I was in the elevator the other day, listening to two people lamenting the fact that they had too much to do. Not for the first time, it struck me that too many people complain about this as if it were a condition to be avoided. To me it seems quite the contrary.
There may be a time, with luck not for many years, when I find myself wishing there was more for me to do. That will, no doubt, be a time when there is no phone ringing off the hook, no deadlines to meet, no one asking for my help or input on this or that, and no e-mail piling up begging for response. But for now, I think, that a condition of having too much on one’s plate is a symptom for being vital.
For that, I’m thankful.
At this time of year, our Facebook newsfeeds all seem to fill up with everyone’s list of things in their personal lives for which they’re thankful. I’m thankful for them too. This morning, however, I wanted to consider a few of the things I’m grateful for in my business life, particularly those blessings found in unexpected places. Here are ten.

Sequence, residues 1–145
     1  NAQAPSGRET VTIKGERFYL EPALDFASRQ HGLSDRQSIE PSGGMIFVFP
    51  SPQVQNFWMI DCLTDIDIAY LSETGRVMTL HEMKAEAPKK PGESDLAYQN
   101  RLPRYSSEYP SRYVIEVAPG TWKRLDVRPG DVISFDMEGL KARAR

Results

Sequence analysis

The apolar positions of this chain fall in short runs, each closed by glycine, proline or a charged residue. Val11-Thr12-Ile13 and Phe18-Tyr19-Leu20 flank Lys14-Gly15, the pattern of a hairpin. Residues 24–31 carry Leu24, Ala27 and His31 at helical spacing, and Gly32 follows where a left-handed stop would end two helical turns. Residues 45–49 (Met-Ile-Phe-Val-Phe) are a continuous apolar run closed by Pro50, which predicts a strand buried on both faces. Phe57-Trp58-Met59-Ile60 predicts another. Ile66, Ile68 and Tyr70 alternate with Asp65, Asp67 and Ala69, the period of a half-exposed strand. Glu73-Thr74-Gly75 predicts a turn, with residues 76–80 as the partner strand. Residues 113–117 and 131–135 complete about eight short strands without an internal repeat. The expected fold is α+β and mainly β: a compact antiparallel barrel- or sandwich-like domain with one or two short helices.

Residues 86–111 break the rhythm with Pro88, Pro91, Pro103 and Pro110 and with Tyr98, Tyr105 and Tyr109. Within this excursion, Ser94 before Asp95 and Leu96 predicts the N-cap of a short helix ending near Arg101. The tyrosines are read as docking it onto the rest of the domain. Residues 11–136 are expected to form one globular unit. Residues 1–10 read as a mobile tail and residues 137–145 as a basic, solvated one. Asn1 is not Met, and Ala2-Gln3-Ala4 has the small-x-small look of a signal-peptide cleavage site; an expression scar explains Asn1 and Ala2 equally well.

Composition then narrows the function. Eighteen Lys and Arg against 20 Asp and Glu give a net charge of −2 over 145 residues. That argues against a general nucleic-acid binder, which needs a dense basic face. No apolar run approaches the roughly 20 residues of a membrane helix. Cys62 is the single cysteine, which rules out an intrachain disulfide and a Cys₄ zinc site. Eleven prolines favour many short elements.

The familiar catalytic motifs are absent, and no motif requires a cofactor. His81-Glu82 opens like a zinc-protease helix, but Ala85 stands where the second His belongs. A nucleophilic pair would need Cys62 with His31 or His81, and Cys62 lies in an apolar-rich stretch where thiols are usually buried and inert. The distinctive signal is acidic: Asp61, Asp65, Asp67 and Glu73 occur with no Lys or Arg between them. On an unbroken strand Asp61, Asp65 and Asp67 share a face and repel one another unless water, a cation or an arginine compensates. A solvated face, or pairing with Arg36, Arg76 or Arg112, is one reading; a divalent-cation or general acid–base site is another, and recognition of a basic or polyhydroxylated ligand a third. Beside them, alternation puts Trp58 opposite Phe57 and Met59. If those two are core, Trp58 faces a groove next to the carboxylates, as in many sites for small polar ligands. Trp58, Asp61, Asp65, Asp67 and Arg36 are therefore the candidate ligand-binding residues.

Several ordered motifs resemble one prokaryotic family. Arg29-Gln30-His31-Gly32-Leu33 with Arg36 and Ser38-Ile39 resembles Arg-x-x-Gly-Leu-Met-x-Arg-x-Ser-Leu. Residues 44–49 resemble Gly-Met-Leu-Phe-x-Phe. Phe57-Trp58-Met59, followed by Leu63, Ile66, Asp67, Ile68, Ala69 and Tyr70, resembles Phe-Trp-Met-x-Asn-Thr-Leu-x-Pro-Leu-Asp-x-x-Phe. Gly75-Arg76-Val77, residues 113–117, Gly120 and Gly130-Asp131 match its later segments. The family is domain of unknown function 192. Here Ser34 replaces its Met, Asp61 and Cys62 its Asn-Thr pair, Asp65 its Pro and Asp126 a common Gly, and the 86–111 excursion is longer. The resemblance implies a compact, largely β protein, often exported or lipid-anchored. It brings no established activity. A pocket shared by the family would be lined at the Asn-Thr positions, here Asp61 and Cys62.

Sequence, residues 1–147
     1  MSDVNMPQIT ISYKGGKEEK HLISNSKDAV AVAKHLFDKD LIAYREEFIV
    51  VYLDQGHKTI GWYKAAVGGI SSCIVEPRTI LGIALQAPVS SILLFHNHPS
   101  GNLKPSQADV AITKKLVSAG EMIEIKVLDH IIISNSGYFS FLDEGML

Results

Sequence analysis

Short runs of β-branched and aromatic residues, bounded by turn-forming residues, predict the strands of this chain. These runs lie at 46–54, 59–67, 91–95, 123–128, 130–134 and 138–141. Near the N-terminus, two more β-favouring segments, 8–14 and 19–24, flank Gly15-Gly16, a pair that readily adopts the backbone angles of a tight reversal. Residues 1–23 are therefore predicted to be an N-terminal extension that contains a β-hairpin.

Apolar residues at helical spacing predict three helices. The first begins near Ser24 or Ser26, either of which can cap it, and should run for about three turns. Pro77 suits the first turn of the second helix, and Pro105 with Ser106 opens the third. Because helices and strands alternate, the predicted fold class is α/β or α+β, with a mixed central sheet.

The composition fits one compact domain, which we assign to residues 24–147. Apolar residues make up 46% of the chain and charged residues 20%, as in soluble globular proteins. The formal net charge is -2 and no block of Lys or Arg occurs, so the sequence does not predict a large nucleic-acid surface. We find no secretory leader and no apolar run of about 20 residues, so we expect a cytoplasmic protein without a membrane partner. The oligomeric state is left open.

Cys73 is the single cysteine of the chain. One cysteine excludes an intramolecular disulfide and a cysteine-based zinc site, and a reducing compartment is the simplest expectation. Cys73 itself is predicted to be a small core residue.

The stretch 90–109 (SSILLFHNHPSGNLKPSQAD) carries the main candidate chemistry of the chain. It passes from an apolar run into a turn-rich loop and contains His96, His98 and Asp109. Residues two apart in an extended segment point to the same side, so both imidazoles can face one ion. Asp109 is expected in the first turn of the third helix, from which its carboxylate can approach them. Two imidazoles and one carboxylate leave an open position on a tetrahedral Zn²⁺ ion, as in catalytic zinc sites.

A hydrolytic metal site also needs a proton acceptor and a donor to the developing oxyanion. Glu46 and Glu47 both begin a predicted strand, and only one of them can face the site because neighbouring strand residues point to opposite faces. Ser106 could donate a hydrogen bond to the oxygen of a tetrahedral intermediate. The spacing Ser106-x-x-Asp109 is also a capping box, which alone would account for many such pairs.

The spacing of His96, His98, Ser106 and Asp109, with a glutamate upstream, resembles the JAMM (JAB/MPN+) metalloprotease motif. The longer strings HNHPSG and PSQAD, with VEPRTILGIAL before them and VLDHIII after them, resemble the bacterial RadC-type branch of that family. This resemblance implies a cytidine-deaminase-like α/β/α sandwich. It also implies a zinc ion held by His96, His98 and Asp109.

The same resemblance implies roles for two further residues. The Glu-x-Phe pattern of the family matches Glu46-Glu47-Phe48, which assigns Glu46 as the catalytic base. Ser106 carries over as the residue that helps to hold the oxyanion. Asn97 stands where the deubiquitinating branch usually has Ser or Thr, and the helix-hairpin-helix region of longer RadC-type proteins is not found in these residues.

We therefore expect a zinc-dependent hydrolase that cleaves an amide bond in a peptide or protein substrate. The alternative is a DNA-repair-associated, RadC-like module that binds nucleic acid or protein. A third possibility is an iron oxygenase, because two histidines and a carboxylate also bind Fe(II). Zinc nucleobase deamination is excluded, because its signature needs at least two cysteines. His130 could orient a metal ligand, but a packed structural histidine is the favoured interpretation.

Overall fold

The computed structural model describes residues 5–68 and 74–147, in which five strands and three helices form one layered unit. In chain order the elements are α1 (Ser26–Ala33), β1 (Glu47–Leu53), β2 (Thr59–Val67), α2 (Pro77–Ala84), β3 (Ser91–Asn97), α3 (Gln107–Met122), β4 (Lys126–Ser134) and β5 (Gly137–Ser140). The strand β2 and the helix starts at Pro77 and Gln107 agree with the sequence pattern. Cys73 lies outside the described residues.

- Buzzes, beeps, and rings. Those are the sounds of people reaching out through e-mail, phone calls, and texts to make contact. How awful would the silence be?
- The unchecked box. Every morning, I create a to-do list for the day ahead. I list phone calls I have to make and return, meetings to be attended, and work to be finished. Every evening I leave with unchecked boxes on my list. Still vital and needed for another day.
- Expressed frustration. Several months ago, two of my colleagues here at the firm came to me separately in order to express their frustration. They wanted to do more than just a good job and instead become more active in helping to drive the firm to new heights. They were frustrated because they didn’t know how. Certainly, a failing on my part for not having included them as deeply as I should have. But how great is it to work with people like that?